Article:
Previously in this series: Factoring: A view from the broker’s side
The rise of smartphones and other networked communications technologies has opened payment options to brokers that have offered quick-pay services to carriers for years. Those rates, as with factoring prices, are coming down. They often beat factoring rates, particularly the nonrecourse arrangements popular with independent owner-operators working load boards.
Chicago-area-based owner-operator Isaac Ho investigated a factoring arrangement when he started up with his own authority within the last year, but he found the terms confusing. He decided to forgo factoring in favor of quick-pay arrangements via a few larger brokerages he felt he could stay loaded with and that offer reasonable rates.
Most “take the 3 percent, and you don’t have to fill out a huge pile of paperwork to sign up,” Ho says. Among broker apps he’s relied on are offerings from Uber Freight and J.B. Hunt’s 360 service.
More traditional brokers also are migrating to mobile methods of payment delivery that increasingly may upend some of the need for factoring.
Load board stalwart Truckstop.com offers the LoadPay service to brokers and carriers. The company hopes it will become something of a standard among brokerages that do or do not rely on its load board to connect with carriers. Adoption of LoadPay by the broker means it’s essentially establishing the payment technology as its central quick-pay option.
The LoadPay app for carriers allows for speedy, secure payment for a fee of 3 percent, 2 percent of which goes to the broker, say Truckstop.com representatives. Brokers benefit by avoiding bank direct-deposit/wire fees, not to mention check fees. Truckers get the ability to choose just how fast they get paid via a smartphone app that stores a history of all transactions.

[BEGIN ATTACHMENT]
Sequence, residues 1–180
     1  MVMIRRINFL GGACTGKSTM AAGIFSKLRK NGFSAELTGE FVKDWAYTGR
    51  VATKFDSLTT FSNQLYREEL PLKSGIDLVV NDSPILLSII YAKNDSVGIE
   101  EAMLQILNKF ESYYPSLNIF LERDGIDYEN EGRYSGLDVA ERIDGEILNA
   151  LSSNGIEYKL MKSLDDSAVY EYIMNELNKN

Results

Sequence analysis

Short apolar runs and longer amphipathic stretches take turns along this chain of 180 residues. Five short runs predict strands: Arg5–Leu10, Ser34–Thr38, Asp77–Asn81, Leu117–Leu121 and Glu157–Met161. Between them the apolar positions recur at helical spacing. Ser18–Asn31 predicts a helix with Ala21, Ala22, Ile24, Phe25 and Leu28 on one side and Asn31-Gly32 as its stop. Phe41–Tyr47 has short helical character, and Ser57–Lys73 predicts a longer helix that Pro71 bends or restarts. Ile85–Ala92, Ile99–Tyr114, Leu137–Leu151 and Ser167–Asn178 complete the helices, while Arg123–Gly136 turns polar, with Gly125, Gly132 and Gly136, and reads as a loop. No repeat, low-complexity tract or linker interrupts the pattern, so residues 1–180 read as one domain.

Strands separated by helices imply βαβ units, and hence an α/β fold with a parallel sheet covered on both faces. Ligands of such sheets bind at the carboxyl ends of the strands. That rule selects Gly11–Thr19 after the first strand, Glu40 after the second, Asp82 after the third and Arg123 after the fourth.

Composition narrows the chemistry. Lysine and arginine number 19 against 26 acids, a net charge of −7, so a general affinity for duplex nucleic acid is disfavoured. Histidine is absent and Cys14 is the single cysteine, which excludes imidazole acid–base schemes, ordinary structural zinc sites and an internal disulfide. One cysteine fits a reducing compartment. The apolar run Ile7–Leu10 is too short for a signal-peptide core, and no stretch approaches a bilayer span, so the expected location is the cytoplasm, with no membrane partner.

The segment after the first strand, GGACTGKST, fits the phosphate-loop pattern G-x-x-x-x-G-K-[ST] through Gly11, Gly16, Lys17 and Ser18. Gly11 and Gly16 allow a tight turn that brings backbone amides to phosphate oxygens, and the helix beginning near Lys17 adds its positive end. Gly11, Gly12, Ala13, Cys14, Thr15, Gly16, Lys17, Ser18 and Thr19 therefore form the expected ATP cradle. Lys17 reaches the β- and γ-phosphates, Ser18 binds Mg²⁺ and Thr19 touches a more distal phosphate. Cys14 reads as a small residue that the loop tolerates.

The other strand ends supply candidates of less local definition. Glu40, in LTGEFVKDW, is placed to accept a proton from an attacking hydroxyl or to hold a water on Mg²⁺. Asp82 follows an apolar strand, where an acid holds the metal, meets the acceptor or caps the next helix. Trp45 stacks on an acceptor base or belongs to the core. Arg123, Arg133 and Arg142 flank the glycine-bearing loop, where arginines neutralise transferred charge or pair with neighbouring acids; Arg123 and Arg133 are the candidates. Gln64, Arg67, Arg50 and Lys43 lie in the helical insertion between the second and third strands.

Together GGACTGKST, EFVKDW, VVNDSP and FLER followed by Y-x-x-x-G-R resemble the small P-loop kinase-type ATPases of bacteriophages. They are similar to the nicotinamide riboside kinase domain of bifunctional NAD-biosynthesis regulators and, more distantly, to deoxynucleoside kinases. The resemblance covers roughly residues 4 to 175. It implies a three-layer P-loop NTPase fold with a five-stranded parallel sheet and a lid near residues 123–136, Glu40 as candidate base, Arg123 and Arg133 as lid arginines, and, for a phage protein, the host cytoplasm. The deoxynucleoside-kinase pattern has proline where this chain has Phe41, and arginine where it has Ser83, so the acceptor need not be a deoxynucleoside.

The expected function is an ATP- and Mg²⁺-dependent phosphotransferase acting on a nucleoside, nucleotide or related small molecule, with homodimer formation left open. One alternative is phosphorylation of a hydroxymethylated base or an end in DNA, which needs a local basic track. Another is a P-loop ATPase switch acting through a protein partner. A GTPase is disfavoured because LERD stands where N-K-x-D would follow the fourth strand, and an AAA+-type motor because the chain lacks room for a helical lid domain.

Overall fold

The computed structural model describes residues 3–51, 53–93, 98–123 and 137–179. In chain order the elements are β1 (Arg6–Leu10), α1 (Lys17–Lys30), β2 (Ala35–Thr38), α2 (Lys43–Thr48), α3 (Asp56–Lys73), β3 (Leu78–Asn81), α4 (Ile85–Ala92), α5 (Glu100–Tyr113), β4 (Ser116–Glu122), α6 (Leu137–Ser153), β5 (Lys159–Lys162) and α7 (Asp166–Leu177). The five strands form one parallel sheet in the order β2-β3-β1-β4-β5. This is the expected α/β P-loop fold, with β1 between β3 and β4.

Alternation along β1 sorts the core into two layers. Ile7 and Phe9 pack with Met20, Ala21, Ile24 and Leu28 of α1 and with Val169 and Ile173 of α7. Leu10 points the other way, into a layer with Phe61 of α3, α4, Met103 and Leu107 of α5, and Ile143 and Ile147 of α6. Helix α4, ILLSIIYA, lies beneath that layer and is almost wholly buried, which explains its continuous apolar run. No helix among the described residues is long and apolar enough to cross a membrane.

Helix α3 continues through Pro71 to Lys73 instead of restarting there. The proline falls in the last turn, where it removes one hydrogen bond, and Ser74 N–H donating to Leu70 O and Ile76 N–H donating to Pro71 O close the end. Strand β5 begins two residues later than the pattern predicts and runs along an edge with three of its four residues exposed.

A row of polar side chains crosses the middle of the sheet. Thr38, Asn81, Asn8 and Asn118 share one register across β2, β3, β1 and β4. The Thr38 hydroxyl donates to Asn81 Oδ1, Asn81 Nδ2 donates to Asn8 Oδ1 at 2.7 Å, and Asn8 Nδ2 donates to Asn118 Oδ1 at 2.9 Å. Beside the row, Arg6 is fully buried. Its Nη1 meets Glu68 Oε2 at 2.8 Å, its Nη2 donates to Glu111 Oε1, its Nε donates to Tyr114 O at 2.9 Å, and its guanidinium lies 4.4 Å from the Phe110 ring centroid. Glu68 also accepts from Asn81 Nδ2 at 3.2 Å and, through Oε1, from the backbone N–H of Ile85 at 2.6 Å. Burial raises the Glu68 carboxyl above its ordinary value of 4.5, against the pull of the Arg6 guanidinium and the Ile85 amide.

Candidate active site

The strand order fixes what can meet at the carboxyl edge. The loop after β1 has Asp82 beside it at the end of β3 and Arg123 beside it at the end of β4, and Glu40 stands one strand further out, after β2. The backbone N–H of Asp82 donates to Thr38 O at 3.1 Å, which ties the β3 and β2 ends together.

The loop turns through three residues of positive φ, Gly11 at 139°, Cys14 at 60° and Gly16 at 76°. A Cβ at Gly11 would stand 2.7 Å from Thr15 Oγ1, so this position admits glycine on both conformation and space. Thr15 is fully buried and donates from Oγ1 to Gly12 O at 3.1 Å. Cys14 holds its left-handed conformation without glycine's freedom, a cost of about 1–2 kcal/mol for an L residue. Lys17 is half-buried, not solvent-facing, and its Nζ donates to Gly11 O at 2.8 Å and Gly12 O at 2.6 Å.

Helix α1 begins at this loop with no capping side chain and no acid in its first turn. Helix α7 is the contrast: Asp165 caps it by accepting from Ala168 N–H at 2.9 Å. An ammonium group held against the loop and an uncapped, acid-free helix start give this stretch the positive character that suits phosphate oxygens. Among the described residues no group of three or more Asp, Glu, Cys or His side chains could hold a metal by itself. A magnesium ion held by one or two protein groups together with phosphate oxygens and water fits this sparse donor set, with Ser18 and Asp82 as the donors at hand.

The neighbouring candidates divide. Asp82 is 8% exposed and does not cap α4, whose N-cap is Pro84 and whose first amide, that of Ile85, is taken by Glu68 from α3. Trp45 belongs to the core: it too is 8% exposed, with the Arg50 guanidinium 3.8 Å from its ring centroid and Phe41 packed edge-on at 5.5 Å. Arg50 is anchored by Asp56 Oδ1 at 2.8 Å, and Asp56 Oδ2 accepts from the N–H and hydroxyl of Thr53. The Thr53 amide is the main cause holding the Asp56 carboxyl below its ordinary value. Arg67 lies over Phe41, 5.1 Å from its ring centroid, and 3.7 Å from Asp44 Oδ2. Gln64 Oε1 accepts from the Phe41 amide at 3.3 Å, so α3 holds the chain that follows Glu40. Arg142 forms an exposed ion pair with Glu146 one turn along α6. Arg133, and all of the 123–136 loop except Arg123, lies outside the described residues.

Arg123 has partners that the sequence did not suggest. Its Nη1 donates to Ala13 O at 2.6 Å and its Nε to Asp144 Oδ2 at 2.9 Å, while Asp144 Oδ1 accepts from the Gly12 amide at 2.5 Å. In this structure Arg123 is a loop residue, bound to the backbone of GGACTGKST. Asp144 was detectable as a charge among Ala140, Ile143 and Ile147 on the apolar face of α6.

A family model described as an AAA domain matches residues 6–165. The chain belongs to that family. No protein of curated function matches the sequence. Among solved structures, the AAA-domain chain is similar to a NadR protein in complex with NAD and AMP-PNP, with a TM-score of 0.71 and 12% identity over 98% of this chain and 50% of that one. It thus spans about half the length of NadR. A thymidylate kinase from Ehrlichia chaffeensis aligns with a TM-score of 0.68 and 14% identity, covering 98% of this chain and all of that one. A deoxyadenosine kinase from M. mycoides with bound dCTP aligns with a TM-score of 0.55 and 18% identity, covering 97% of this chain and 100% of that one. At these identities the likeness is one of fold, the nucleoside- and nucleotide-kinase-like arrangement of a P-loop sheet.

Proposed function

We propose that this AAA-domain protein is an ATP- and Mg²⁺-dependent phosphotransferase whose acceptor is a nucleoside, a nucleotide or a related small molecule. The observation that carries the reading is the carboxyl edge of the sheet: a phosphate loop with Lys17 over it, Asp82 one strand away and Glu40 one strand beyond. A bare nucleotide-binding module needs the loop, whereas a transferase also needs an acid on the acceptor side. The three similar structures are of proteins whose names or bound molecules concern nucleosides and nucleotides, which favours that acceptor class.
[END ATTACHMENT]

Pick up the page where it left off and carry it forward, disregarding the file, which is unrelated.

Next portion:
Fifty or more brokers and thousands of carriers are using it now, says Brent Hutto, Truckstop.com chief relationship officer. The oversize-specialized ZMac Transportation Solutions company recently adopted it as its central method of paying contracted carriers.
Adding brokers to the LoadPay system often can include somewhat cumbersome integrations into their transportation management software systems, meaning rollout happens on a case-by-case basis.
Triumph Business Capital offers a somewhat similar service, TriumphPay, which also has seen greater market penetration. Blaine Waugh, Triumph senior vice president of sales, says about 100 brokerage clients use it.
Brokers increasingly will be interested in such platforms, says Terrence McCrossan, Comdata senior vice president: “The immediacy of the payment is a big part of the incentive for taking the load.”
Truckstop.com data verifies that. When looking for a load, the second-most-common metric by which users filter a search is the board’s “days to pay” information for the broker. “If you’re not in the 20- to 25-days range” as a broker, the days-to-pay average in recent years, “and your rating as a broker is not very good, your freight doesn’t move very fast,” Hutto says.
McCrossan’s company last year debuted Comchek Mobile, an app that helps add utility to speedy payment for users — whether that payment is coming from fleets in the form of a fuel advance or in a broker’s quick-pay program. Flat fees are assessed on those sending the money.
Comdata inked a partnership with the Fr8Star company, one of the newer technology-enabled brokers, to offer payment in stages upon the completion of milestones tracked within the Fr8Star app as truckers move the load. McCrossan describes Fr8Star’s interest in speeding up payment to its carriers as a way of “creating loyalty to their business model” among carriers that have a lot of options for freight.
A new generation of owner-operators like Ho increasingly are looking to such digital platforms as first-choice freight sources.
Next in this series: Real-time cash flow clarifies operations for small fleet